The boom in online drugs retailing is being driven and exploited by the drug crime lords on Thailand’s border with Myanmar and Laos but particularly in the autonomous regions on Myanmar’s side of the Thai border and the area known for decades at the ‘Golden Triangle’ which because of a range of local and geopolitical factors, has never been suppressed.
More drugs being detected because of higher volumes being shipped within Thailand
Since 2017, it has been reported that the drugs lords in the region have perfected the core production processes and formula in manufacturing crystal ice and methamphetamine pills allowing them less restriction and the ability to produce the drugs at far lower prices. A year later, international drug suppression agencies were warning the criminal networks were looking at new modes of distribution. In the last two years, there has been a huge surge in drugs detected and confiscated by Thai police and drug suppression agencies. This is, however, a sign of increased trade and not a sign that authorities are winning the ongoing deadly war against the scourge of drugs.
Parcel firms must get with the programme to thwart drug barons, it will not be easy
The findings of Ms Kanittha’s study were also confirmed to Thailand’s Daily News newspaper in July by a Thai police officer who formerly worked with the drug suppression effort. Police Colonel Samran Nuanma expressed a similar view to the deputy police chief in the same month saying that courier and parcel delivery firms in Thailand had to get with the programme as their industry has now become the focus of the powerful drug barons who will not be so easy to deflect.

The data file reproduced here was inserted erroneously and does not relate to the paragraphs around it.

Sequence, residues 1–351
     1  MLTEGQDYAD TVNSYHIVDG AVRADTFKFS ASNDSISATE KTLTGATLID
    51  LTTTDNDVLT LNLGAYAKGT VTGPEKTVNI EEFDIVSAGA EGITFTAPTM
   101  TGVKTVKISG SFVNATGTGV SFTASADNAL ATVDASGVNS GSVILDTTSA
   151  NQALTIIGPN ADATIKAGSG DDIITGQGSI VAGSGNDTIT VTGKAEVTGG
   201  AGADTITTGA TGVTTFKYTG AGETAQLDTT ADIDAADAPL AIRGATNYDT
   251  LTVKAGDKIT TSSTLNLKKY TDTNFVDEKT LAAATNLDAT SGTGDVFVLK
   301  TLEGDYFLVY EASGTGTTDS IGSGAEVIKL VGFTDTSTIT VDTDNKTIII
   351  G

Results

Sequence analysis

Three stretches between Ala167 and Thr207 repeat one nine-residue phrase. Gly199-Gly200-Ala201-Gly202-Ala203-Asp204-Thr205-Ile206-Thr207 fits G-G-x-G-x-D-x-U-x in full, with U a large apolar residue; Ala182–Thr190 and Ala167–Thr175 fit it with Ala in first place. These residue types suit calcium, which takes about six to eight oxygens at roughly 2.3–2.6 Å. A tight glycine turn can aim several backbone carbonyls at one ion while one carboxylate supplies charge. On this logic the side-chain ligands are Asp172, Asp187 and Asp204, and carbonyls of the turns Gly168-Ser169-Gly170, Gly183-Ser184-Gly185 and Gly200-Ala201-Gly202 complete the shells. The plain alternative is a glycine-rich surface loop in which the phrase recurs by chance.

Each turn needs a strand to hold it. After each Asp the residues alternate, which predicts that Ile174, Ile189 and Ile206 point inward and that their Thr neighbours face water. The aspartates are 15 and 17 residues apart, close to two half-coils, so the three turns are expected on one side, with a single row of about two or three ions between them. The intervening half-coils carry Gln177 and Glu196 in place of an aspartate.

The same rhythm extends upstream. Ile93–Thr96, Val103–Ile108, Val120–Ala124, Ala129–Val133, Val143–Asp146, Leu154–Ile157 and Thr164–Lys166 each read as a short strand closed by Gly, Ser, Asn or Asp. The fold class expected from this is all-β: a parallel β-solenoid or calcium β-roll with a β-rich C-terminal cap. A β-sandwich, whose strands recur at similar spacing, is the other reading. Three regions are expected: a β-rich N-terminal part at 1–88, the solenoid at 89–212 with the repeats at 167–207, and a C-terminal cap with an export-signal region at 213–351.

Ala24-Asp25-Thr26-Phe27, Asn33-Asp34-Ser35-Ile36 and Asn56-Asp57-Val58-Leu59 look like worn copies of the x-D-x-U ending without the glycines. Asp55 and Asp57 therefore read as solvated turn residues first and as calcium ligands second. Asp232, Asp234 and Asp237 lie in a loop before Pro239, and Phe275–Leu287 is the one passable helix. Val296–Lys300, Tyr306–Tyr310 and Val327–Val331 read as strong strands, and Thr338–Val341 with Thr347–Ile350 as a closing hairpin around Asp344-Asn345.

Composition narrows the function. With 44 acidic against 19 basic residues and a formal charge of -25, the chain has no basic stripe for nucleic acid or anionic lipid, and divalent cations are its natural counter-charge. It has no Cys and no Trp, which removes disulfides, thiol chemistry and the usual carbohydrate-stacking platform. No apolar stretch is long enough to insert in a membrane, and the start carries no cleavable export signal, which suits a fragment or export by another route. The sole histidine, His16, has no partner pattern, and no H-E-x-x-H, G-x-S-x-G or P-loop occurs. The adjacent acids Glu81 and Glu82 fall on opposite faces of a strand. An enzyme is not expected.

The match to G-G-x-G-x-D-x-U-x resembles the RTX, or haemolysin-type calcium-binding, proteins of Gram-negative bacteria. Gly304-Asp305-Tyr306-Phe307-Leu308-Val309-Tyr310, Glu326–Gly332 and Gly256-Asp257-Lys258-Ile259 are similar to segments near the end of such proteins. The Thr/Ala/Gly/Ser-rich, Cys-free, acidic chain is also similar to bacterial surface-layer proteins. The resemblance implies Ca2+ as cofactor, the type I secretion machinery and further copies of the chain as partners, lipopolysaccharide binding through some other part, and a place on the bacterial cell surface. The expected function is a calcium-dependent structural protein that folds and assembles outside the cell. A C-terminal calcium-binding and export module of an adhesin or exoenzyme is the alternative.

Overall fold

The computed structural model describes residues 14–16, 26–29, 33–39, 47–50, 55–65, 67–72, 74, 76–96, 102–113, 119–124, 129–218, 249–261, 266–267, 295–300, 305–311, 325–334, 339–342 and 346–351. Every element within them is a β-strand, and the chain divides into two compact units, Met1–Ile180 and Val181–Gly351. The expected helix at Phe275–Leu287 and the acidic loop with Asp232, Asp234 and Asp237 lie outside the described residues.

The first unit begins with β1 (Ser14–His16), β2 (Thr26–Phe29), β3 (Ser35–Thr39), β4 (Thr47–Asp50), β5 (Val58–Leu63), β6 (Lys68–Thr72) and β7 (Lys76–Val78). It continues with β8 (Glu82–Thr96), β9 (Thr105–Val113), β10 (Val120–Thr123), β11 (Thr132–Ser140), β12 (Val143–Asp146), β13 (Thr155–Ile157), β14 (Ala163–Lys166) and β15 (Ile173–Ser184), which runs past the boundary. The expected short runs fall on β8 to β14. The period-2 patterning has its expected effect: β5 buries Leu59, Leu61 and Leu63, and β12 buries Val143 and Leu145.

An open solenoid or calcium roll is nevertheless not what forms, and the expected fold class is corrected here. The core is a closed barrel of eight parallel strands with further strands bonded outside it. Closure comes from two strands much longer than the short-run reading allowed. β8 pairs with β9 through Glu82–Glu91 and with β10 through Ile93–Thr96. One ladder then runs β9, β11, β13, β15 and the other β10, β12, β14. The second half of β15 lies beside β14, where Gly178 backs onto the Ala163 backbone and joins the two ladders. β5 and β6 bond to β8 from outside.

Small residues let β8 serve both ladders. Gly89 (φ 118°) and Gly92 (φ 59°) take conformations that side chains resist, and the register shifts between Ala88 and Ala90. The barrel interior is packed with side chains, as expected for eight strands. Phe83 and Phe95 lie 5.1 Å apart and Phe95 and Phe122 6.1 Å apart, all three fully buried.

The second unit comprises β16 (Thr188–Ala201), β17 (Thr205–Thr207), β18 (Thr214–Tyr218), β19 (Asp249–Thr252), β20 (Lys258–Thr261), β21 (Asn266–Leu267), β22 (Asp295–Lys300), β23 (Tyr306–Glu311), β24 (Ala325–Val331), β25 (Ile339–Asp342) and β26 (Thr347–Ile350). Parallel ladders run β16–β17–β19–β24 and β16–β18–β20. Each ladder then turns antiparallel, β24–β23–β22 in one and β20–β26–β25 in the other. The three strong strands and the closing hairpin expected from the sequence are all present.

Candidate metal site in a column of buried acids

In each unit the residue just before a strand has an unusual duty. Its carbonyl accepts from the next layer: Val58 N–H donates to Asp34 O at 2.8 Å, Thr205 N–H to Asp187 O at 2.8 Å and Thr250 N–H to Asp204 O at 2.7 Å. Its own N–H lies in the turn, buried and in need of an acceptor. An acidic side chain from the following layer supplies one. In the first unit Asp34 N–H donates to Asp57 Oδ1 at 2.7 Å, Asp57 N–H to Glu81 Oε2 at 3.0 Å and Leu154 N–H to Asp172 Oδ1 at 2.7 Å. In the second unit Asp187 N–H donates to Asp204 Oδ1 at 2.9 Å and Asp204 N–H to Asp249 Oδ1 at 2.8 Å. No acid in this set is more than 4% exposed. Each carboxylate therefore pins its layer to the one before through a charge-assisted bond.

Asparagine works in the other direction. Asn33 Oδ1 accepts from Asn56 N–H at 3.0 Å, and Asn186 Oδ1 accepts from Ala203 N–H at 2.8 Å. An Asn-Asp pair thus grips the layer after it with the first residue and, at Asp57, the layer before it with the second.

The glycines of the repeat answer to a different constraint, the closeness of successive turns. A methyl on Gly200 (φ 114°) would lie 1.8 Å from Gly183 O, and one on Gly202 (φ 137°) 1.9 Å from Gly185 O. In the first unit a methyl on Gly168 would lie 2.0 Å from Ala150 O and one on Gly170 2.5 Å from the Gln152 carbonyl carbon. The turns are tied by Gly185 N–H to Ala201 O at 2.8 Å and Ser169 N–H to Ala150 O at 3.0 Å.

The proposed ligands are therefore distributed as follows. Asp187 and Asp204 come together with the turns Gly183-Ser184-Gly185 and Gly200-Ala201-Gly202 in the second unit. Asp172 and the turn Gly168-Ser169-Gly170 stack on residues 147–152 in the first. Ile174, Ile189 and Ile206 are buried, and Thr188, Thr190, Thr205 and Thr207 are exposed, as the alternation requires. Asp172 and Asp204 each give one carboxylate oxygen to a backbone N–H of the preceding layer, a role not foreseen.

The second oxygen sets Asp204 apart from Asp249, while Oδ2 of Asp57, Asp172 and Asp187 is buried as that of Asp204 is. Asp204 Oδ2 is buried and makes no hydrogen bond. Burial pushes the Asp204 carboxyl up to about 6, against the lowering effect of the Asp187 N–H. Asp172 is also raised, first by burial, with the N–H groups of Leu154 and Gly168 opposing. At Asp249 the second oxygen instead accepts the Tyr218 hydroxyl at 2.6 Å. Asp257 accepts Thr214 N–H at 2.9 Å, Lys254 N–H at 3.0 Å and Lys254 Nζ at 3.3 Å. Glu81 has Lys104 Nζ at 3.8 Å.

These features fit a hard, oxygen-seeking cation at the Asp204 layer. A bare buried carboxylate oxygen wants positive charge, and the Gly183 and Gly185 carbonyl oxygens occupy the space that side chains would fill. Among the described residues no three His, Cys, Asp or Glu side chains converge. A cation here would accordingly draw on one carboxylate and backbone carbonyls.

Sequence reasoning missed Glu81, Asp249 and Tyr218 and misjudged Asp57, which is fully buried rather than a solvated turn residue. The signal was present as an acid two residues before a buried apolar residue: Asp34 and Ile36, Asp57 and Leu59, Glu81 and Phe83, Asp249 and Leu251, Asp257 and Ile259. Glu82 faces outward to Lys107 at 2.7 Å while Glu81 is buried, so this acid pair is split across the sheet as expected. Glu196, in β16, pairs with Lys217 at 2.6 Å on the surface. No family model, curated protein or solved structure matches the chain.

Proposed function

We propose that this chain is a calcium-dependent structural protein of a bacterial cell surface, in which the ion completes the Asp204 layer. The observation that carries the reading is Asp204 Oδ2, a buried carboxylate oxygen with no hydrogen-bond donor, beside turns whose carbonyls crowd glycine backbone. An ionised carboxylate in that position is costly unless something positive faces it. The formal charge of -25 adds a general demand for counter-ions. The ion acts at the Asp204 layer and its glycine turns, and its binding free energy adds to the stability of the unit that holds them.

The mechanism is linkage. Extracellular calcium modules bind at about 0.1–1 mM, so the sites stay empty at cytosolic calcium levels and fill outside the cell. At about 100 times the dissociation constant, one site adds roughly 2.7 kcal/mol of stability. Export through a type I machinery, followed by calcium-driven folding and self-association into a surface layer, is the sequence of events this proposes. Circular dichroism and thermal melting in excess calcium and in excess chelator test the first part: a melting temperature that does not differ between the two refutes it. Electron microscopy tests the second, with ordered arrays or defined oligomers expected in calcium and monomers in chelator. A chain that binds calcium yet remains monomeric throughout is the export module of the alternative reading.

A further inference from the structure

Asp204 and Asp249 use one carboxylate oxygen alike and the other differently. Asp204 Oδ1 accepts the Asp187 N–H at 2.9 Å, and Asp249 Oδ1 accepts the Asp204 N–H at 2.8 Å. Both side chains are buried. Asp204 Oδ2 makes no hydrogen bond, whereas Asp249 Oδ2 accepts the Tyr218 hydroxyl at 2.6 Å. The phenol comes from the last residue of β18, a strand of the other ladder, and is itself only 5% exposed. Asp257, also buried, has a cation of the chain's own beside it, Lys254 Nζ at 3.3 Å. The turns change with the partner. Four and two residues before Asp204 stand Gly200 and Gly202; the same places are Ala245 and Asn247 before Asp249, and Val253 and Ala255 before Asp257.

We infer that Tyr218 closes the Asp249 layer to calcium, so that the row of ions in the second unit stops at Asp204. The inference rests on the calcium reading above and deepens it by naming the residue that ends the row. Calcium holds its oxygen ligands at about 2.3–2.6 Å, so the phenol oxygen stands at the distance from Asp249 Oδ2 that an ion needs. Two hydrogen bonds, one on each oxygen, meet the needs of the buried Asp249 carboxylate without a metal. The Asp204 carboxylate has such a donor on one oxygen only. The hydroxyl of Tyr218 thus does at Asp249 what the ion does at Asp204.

New era of high tech drug dealing
The police officer explained that in today’s drug world the interaction is now between the customer and unseen impersonal sellers online. The day when police could swoop upon street drug pushers is long gone except for some small-time operators. Today, drugs in Thailand are bought and sold using smartphones and the key social networks such a Facebook, LINE and Twitter. Indeed the LINE app has perfected the peer to peer selling technique allowing speedy messaging, calls. audio messages, pictures and payments. Of course, it is not just being used for drugs but across the commercial spectrum in Thailand where the LINE social network is emerging as a particularly Thai phenomenon.
Blitz against online drugs empire Mun Tuk Med last year led to ฿2 billion in drugs being found